Buyers in today’s market can expect to pay about 17 percent of their gross monthly income on their mortgage. The average, since 1975, has been 25 percent and at times, such as the early 1980s, mortgage payments were as much as 45 percent of gross income. Zillow.com calculated housing affordability using data dating back to 1975. Based on median household income, median home value, the average 30-year fixed-rate mortgage, and an assumed 20 percent down payment, their research determined that homes are more affordable now than they’ve been at any point in the past 35 years. More here.
The National Association of Realtors’ Pending Home Sales Index rose 5.1 percent in March, the sixth increase in the past nine months. The Index is a forward-looking indicator that tracks contract signings but not closings. Lawrence Yun, NAR’s chief economist, said home sales have shown an uneven but notable improvement. Since reaching their bottom last June, pending home sales have risen 24 percent, which demonstrates that the market is recovering on its own. Yun said modest near-term gains in existing-home sales are likely. More here and here.
According to the Mortgage Bankers Association’s Weekly Applications Survey, the average contract interest rate for 30-year fixed-rate mortgages fell to 4.80 percent last week from 4.83 percent the week before. Despite the drop in rates, the Market Composite Index, which measures total mortgage loan application volume, decreased 5.6 percent. Michael Fratantoni, MBA’s vice president of research and economics, said applications fell last week due to a decrease in government purchase applications as new, higher FHA premiums went into effect. More here and here.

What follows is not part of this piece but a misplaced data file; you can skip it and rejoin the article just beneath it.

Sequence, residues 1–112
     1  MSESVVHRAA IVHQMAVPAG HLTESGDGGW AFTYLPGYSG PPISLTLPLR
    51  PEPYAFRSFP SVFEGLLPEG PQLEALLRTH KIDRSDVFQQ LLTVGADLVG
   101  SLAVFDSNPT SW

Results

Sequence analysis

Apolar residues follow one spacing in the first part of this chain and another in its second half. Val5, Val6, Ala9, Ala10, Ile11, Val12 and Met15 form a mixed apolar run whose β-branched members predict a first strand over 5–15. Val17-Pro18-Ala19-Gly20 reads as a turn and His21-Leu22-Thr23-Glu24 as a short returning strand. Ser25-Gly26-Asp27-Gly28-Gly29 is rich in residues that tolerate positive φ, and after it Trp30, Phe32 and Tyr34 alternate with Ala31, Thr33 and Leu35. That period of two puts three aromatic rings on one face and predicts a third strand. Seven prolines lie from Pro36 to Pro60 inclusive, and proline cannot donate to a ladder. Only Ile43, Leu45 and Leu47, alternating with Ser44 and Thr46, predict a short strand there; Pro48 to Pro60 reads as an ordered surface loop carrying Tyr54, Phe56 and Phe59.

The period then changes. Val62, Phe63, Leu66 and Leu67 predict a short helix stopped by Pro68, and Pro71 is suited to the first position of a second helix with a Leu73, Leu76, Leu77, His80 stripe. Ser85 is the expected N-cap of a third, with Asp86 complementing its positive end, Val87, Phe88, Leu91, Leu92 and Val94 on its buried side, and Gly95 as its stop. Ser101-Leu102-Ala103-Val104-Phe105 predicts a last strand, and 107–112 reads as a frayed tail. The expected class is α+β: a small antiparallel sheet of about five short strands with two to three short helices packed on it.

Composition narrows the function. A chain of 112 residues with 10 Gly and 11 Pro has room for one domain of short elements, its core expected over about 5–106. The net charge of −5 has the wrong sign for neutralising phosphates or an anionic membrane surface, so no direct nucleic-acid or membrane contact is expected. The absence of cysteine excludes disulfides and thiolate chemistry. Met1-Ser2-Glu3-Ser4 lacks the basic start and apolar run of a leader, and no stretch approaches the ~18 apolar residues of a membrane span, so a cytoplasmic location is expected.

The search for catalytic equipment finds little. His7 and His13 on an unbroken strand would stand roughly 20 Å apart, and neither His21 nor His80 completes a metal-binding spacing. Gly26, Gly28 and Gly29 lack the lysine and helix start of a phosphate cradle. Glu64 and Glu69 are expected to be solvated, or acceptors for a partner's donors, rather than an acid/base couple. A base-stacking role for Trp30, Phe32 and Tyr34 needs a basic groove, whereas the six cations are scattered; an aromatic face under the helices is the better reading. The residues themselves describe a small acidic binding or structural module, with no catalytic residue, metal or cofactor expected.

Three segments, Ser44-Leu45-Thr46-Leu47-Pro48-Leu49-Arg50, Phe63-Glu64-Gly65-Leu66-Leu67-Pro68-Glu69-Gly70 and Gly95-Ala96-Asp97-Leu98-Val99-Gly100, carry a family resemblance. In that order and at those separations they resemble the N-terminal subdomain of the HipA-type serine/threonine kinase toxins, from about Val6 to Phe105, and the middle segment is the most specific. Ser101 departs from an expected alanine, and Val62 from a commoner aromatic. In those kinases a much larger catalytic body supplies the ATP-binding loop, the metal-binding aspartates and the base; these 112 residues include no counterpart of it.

While it may be the case that price continue to decline a bit, no one in the mortgage business expects interest rates to stay where they are for much longer. This might be the time to pick up the phone and call your Realtor. If you don’t have a Realtor, get in touch with me an I will recommend a good one to you.
Data through March, released by the S&P/Experian Consumer Credit Default Indices, shows mortgage defaults fell to 2.33 percent from 2.45 percent in February. It was the fourth consecutive month of declines in mortgage default rates and puts them 41 percent below year-before levels. David M. Blitzer, managing director and chairman of the index committee for S&P Indices, said declining debt levels, combined with the economic recovery, are supporting lower defaults and improvement in consumers’ financial condition which should help maintain the recovery. The indices track defaults of consumer balances across major loan categories. More here.